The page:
LONDON/NEW YORK, April 25 - Verizon would likely have little
trouble rustling up $50 billion or more in the debt markets to
help fund the full buyout of Verizon Wireless from UK partner
Vodafone, bankers and analysts said on Thursday.
Two sources told Reuters that Verizon Communications
is mulling a 50:50 cash and stock bid of around $100 billion for
the 45 percent stake in Verizon Wireless it does not already
Demand for investment-grade debt is proving almost limitless
in the current environment, and Verizon could expect a warm
welcome from investors - even with such a large fund-raising.
"Fifty billion dollars is certainly not impossible,
especially if the company planned to take that out over the
space of two to three years," said one London-based bond banker.
Although Verizon's A3/A-/A ratings would almost surely be
downgraded if the company re-leveraged to finance the buyout, it
would likely still be strong enough to attract interest from
"Verizon has already said it is happy to take a notch or two
downgrade, so it already feels like they are warming up," said
Patrick McCullagh, head of EMEA credit research at investment
"In an environment where pretty much every capital market is
flooded with cheap liquidity, it is possible," he said. "The
numbers do stack up. Debt financing has never been so cheap."
BIG AND COMPLEX
A fund-raising of the size that Verizon might need for the
buyout would likely involve a complex mix of loans, stocks and
bonds, with the latter potentially issued across multiple
currencies and maturities.
No company has raised more in a dollar-only single bond deal
than the $14.7 billion Abbott Laboratories spin-off AbbVie
raised on November 5 last year.
"One of the questions we often get asked is: how big is the
market for one single offering?" the head of debt capital
markets at a major Wall Street firm told IFR.
"We tend to think that if you opened up every maturity and
went to just the US market, that you could get about $20 billion
to $25 billion done in a single deal," he said.
"To do a bigger deal than that would require tapping markets
in multiple currencies and maturities."
Verizon is already one of the biggest corporate issuers of
debt in the United States, with more than $50 billion of bonds
outstanding in various currencies.
But analysts are confident it can still handle more debt.
"Ultimately, we believe it could raise ... $50 billion to
$60 billion, but would require staggering issuance across at
least a 12-24 month timeframe," Barclays credit strategist
Danish Agboatwala wrote in a report last month.
The company should also be able to take timely advantage of
the red-hot state of the global bond markets.
Roaring investor demand has pushed the costs for issuing
debt down to near historic lows, meaning the ideal time to raise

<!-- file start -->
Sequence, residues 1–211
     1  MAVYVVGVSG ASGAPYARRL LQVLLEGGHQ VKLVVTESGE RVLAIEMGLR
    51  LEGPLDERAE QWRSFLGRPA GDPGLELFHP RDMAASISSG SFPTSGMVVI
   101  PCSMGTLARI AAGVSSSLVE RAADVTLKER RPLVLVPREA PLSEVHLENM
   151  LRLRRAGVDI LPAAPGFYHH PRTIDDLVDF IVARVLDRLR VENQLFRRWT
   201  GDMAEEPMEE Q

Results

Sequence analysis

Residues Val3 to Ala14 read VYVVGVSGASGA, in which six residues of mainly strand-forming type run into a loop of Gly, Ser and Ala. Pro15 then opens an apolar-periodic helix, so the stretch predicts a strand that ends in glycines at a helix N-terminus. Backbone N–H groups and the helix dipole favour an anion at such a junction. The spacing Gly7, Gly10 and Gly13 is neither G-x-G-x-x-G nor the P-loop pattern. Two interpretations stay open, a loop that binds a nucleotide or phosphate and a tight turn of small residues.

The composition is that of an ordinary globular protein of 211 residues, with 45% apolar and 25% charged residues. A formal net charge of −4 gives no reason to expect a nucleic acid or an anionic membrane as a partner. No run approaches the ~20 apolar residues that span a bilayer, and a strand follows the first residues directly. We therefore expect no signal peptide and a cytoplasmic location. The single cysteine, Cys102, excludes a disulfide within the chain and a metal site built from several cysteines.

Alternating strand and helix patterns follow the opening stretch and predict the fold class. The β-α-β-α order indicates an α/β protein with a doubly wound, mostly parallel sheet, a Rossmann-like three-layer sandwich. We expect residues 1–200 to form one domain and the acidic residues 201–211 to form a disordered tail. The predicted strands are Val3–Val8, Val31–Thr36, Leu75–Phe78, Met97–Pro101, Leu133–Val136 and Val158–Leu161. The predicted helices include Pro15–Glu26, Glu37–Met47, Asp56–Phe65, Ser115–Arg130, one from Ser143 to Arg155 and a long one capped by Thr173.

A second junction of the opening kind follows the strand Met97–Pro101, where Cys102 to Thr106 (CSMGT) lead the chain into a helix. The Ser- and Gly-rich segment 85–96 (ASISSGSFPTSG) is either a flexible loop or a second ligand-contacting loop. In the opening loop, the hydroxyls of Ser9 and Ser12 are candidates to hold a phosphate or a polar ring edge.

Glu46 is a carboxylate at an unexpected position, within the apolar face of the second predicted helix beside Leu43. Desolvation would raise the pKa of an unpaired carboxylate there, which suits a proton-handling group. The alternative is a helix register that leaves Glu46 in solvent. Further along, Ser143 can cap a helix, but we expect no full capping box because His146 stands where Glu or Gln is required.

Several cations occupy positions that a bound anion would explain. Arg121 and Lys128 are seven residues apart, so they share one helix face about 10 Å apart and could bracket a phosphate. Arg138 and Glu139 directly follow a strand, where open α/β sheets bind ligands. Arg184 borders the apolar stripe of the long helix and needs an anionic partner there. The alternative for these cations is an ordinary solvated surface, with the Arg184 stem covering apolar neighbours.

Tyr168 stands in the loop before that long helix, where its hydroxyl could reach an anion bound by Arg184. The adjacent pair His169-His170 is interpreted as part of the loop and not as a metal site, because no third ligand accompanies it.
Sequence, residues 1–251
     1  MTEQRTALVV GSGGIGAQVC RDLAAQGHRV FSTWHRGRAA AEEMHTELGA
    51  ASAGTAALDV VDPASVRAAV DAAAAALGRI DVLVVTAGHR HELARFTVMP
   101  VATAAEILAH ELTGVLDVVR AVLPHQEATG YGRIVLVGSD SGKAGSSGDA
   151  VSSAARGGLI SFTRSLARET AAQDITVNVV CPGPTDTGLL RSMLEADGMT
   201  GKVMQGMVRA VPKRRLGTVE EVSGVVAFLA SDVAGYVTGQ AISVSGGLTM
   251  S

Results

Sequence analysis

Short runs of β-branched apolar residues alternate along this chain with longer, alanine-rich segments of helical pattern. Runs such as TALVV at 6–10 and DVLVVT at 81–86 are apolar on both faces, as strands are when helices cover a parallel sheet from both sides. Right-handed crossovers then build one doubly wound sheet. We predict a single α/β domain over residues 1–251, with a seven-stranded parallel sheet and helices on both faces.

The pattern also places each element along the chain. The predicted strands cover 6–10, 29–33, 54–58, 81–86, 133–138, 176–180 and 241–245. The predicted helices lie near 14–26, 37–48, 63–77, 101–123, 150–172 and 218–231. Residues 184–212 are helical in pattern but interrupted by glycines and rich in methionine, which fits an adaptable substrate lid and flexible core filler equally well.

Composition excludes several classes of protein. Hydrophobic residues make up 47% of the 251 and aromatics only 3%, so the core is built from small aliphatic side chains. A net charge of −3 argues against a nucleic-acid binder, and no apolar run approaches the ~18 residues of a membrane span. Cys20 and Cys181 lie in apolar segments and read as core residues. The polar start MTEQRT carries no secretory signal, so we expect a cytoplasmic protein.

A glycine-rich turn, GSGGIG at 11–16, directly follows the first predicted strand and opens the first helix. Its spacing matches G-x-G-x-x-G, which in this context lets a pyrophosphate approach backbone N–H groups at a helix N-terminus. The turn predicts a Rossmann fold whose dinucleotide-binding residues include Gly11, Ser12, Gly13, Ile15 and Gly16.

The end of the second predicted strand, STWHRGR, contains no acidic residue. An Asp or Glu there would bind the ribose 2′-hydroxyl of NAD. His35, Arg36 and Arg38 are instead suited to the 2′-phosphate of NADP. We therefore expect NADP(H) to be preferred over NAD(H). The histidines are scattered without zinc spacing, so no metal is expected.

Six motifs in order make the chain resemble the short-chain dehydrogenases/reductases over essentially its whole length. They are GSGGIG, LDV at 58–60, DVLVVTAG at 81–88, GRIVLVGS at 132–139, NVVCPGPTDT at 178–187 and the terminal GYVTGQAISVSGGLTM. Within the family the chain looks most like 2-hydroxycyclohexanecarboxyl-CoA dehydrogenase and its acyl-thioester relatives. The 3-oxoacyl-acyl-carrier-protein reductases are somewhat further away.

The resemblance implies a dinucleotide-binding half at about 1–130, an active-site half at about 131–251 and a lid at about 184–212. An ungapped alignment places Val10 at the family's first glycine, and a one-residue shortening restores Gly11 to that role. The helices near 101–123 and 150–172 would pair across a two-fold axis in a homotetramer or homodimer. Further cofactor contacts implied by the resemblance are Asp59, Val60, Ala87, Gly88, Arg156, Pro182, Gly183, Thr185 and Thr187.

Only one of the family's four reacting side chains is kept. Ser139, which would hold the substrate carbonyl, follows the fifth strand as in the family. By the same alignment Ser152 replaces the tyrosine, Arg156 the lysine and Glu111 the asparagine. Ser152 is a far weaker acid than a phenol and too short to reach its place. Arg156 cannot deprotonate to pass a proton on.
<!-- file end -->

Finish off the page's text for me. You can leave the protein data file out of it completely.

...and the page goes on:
such a vast pile of cash is now rather than later.
Yet Verizon's funding target could end up being
significantly higher still, if Vodafone shareholders reject the
$100 billion valuation of their stake in Verizon Wireless.
Many in the market see the valuation as simply an opening
gambit in negotiations over the long-mooted deal, with the
actual selling price closer to an eventual $135 billion or so.
"Valuation will need to climb much higher to create an
outcome acceptable to (Vodafone) shareholders," UBS analysts
said in a note to clients on Thursday morning.
It said $100 billion was "nowhere close to the level at
which (Vodafone) can consider a deal".
MORE AND MORE
The higher price tag for the remaining stake in the biggest
US mobile operator could mean more than doubling the debt burden
for a company already carrying around some $52.9 billion of debt
on its books.
While that might make some investors think twice, many
observers think that Verizon would have the ability to pay down
much of the debt in relatively short order, especially given the
positives of the US wireless operation.
"We have a good degree of confidence in the strength of the
wireless business," said John Culver, a senior telecoms
strategist at Fitch Ratings.
"We believe that Verizon would have the capacity to pay down
a significant amount of debt in the short term," he said.
One potential sticking point is the possible $20 billion
capital gains tax that Vodafone could face.
A person familiar with the situation told Reuters that the
two companies have previously held high-level talks to discuss
how any deal could avoid incurring the tax.
McCullagh from Schroders and a London-based fund manager
each said that the best way to address the tax issue might be
for Verizon simply to buy Vodafone altogether.
"It would make more sense to buy all of the company and then
spin off parts later on, than to pay over the odds for the
wireless stake just to cover Vodafone's tax bill," McCullagh